A revolutionary bread – Cuban Bread

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  You wouldn’t think so, would you but I am still a Bread Baking Babe. A Bad Babe but still a member of that honorary group of women who bakes together once a month and in between help each other both with baking and moral support. This month I happen to be the host of our monthly challenge so I had to get my act together and bake the bread on time. I also chose the bread to bake which was a very easy choice really, I have been baking a very special bread a few times and I felt I had to share this pretty spectacular bread with my fellow babes, our faithful Buddies and budding Buddies as well so here it is: Bernard Clayton’s Cuban Bread

Cuba Bread

So what is so special with it? Well, with very few ingredients and with only one 15 minute rising before it goes into the oven, it is both a fast bake and technique wise very intriguing because you put it into a cold oven and while the oven warms up, the bread rise and then bake. It works and it works well with a surprisingly mature flavour. So if you are looking for a recipe of a quick and easy bread, say goodbye to all those spongy no-knead breads and welcome the revolutionary Cuban bread!

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  I have only heard good things said about this bread from the Babes but as each and everyone of us are different (and have different ovens, use different flours and have different hands and so on), I suggest you take a look at how they fared with the bread, click here for the complete list. The last time I baked it and took these photos, I substituted 2 cups of flour with farro flour to make it a little healthier which was good but the bread had a slightly less florid oven spring compared to the all white flour bread. I do recommend to take a look at the bread while it bakes because it turns pretty brown at the end although this differed between us, some had pale ones, some very sunburnt ones.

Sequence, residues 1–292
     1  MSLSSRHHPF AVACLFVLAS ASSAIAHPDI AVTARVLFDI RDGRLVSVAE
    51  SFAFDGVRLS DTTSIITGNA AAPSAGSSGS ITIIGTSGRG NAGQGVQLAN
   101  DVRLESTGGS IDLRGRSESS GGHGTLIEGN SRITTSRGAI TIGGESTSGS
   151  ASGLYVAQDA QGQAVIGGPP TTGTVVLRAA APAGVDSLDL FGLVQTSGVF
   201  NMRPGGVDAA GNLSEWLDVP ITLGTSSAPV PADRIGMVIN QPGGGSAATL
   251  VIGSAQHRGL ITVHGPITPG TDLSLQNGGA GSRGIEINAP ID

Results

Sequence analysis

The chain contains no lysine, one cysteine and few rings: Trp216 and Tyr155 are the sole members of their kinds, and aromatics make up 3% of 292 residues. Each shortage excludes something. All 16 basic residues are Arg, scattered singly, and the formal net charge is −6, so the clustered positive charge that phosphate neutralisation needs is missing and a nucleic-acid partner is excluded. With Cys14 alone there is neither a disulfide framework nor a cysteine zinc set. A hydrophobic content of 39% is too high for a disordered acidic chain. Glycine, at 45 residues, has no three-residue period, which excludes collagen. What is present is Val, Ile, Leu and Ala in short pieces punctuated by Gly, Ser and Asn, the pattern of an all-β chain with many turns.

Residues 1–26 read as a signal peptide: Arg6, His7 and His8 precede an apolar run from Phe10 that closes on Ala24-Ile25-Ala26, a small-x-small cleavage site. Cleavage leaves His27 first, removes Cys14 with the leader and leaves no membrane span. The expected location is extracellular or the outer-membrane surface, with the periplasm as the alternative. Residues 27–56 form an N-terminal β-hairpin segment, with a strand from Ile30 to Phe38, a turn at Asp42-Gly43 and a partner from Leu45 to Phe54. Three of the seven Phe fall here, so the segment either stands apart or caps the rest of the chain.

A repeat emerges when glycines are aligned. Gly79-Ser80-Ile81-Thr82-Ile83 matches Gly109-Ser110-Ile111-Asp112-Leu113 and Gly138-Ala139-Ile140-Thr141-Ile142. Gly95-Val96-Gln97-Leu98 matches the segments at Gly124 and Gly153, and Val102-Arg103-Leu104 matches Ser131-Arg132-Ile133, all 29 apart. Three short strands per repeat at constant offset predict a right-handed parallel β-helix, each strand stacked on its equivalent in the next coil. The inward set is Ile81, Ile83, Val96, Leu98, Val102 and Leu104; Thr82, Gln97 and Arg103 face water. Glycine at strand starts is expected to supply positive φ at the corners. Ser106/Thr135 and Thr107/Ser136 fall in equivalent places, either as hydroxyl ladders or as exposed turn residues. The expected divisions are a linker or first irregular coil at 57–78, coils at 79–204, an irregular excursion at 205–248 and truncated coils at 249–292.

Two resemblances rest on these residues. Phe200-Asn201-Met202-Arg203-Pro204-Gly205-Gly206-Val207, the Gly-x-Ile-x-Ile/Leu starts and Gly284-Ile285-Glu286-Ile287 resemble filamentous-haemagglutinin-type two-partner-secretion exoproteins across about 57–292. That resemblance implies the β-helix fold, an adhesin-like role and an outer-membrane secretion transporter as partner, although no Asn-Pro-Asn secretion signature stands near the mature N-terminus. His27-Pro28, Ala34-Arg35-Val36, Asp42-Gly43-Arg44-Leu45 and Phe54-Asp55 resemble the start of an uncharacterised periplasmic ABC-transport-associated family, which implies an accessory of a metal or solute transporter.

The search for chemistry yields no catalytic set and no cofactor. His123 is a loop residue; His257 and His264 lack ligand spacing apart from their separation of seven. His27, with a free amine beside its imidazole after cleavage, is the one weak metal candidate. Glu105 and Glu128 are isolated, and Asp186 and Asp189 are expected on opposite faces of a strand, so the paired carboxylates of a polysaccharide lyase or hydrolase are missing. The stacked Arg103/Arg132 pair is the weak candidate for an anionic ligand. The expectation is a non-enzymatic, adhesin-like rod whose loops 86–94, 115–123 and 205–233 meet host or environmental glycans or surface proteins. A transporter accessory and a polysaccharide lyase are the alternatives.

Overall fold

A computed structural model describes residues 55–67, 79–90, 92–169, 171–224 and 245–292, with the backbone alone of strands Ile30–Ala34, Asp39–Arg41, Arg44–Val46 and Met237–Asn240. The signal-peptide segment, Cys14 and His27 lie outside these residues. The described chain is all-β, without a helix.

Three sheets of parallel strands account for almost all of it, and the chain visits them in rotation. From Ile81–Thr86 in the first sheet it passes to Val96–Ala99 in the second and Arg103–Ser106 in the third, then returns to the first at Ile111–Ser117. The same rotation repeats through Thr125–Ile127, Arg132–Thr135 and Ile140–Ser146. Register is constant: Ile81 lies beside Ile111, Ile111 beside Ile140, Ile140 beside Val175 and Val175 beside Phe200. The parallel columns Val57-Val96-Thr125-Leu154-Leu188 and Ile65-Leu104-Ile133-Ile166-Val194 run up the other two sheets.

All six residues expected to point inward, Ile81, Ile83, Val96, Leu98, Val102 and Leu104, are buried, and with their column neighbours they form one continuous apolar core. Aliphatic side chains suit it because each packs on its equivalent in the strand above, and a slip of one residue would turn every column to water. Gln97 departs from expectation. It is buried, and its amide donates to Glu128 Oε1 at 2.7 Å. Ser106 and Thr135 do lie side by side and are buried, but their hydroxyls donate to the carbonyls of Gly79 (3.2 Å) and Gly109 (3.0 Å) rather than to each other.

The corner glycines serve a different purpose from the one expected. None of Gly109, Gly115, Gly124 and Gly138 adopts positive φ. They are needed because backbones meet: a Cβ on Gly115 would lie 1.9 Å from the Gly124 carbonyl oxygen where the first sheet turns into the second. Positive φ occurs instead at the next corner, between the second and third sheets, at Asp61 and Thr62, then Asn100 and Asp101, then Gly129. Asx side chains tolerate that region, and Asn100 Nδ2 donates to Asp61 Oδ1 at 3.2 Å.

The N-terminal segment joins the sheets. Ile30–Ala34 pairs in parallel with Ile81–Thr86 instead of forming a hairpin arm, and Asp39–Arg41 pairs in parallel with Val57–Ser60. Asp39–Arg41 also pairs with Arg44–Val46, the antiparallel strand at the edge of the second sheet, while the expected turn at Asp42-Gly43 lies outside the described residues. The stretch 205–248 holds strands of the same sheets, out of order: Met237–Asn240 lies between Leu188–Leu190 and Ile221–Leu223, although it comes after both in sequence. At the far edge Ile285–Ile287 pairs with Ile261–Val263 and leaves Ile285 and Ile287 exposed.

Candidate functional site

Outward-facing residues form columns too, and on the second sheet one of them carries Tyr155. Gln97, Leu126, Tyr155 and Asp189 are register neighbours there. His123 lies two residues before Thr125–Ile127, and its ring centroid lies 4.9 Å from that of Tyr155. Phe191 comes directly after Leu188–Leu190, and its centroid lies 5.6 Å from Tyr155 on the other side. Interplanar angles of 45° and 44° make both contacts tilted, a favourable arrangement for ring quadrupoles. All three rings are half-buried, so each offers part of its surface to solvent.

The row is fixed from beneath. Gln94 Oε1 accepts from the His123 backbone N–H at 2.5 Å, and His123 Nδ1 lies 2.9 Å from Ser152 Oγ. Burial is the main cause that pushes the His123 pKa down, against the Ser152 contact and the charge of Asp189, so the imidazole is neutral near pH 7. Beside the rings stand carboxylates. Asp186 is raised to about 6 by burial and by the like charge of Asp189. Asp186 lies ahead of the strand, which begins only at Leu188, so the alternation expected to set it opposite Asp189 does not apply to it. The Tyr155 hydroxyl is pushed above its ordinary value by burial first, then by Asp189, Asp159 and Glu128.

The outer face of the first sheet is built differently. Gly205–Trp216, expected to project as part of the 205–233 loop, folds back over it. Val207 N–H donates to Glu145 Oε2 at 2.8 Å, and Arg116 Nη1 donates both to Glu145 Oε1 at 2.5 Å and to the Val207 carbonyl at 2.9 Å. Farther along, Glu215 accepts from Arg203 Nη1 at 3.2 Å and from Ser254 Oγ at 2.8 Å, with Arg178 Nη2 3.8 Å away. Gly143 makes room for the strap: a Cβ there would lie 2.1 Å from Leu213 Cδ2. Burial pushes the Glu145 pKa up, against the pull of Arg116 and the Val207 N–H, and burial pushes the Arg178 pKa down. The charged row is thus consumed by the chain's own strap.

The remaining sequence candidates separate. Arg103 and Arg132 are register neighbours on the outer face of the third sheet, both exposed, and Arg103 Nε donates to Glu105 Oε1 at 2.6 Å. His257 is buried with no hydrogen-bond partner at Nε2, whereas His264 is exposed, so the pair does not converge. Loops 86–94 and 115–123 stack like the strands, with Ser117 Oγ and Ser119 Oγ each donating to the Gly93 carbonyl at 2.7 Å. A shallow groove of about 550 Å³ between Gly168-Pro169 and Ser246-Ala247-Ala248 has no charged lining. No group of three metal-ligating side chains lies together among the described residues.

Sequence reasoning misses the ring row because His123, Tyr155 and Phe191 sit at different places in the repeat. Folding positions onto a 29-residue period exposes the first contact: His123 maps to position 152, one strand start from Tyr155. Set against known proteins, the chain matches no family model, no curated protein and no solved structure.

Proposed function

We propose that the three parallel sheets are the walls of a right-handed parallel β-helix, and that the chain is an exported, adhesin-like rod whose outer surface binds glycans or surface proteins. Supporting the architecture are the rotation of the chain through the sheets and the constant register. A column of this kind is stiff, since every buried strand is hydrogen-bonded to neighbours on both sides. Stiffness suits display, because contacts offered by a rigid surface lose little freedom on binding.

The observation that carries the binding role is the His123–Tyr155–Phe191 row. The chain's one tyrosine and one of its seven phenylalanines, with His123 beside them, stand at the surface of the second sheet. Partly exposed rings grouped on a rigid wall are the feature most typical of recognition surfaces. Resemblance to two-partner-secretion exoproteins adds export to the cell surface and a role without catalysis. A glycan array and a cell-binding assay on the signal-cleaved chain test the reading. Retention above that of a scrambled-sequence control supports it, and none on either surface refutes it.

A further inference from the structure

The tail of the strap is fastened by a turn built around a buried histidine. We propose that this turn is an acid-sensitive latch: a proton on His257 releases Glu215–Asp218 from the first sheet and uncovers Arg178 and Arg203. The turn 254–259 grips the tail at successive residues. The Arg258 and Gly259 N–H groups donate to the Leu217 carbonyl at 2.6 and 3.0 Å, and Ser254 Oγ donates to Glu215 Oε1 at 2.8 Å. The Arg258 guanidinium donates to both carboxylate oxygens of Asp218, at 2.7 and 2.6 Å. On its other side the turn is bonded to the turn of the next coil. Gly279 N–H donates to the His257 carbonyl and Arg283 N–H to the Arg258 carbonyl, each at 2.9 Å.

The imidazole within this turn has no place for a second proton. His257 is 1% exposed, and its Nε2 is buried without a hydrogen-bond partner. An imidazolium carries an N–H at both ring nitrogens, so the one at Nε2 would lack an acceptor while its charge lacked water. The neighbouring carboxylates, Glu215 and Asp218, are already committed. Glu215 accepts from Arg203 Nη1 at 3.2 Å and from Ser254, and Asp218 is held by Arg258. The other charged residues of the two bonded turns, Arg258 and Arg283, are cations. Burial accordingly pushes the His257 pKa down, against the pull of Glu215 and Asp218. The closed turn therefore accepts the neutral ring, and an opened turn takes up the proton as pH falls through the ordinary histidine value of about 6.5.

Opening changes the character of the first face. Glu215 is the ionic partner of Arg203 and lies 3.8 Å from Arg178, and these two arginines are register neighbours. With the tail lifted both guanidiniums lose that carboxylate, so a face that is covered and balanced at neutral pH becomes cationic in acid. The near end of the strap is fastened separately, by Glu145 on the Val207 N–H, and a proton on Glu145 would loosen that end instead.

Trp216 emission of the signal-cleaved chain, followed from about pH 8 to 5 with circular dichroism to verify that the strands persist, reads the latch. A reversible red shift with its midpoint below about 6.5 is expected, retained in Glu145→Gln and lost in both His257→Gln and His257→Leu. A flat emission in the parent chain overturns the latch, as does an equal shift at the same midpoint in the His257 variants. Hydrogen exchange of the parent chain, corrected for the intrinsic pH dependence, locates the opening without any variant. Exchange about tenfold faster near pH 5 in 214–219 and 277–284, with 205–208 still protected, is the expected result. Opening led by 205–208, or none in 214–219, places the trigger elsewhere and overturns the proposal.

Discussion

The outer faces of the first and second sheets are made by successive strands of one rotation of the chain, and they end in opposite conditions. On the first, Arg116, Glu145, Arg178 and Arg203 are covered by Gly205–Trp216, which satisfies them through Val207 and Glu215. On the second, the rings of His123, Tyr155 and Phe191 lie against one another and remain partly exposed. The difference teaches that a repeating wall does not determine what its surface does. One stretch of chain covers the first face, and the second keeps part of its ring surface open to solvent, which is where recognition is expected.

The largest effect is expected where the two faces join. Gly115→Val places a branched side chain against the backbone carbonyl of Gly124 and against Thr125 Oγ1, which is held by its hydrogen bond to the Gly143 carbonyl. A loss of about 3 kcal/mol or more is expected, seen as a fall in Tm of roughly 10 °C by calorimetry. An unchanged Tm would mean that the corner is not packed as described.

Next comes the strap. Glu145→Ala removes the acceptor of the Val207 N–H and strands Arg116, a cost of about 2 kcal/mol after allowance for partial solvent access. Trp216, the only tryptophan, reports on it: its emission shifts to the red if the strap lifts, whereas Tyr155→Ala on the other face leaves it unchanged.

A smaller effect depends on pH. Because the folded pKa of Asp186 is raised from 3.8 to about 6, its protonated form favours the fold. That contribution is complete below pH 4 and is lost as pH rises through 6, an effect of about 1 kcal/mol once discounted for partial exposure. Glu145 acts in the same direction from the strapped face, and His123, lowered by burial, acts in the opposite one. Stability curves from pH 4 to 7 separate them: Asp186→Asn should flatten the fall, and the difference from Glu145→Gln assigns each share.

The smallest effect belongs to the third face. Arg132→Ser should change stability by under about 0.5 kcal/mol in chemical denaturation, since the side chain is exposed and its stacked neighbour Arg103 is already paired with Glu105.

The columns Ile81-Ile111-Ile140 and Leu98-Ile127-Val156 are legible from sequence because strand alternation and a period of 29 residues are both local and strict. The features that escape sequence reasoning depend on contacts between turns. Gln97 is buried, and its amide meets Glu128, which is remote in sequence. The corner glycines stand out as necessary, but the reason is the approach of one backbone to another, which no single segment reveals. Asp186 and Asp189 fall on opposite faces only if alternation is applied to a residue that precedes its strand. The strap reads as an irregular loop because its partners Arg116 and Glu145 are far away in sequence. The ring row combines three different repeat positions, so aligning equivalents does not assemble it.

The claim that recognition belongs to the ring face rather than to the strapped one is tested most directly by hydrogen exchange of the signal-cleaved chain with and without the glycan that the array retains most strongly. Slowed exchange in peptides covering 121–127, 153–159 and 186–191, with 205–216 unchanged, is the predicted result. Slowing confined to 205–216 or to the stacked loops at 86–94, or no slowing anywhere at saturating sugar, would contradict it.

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Bake this bread and become a Bread Baking Buddie or just bake it for the pleasure of it, I really recommend you to try it out, it seems to be almost foolproof! If you do the Buddie, please bake and send me the link to your blog post about it before midnight Saturday 28th of January to luculliandelights AT gmail DOT com, please write Bread Baking Buddy a the subject so that I don’t miss it!


CUBAN BREAD
from Bernard Clayton’s New Complete Book of Breads

1,2-1,4 litre/ 5-6 cups of bread or AP flour
2 packages dry yeast, I used 50 g fresh
1 tbsp salt
2 tbsp sugar
500 ml/ 2 cups hot water
sesame or poppy seeds (optional)

by hand or mixer (15 mins)
Place 4 cups flour in a mixing bowl and add the yeast, salt and sugar. Stir until they are well blended. Pour in the hot water and beat with 100 strong strokes, or three minutes with a mixer flat beater.
Gradually work in the remaining flour (using fingers if necessary), 1/2 cup at a time until the dough takes shape and is no longer sticky.

kneading (8 mins)
Sprinkle the work surface with flour. Work in the flour as you knead, keeping a dusting of it between the dough and the work surface. Knead for 8 minutes by hand or with a dough hook until the dough is smooth, elastic, and feels alive under your hands.

by processor (5 mins)
Attach the short plastic blade.
 Place 2 cups flour in the work bowl and add the other ingredients, as above. Pulse several times to thoroughly mix. Remove the cover and add 2 more cups of flour. Replace the cover and pulse to blend.
 Add the remaining flour through the feed tube, pulsing after each addition, until the dough begins to form and is carried around the bowl by the force of the blade.

kneading (45 secs)
Turn on the machine to knead for 45 seconds.

rising (15 mins)
Place the dough in a greased bowl, cover with plastic wrap, and put in a warm (26-37°C/80-100°F) place until double in bulk, about 15 minutes.

shaping (4 mins)
Punch down the dough, turn it out on the work surface, and cut into two pieces. Shape each into a round. Place on the baking sheet. With a sharp knife or razor, slash X on each of the loaves, brush water, and, if desired, sprinkle with sesame or poppy seeds.

Baking (205°C/400°F; 45-50 mins)
Place the baking sheet on the middle shelf of a cold oven. Place a large pan of hot water on the shelf below, and heat the oven to 205°C/400°F. The bread of course, will continue to rise while the oven is heating. Bake for about 50 minutes, or until the loaves are a deep golden brown. Thump on the bottom crusts to test for doneness. If they sound hard and hollow, they are baked.

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L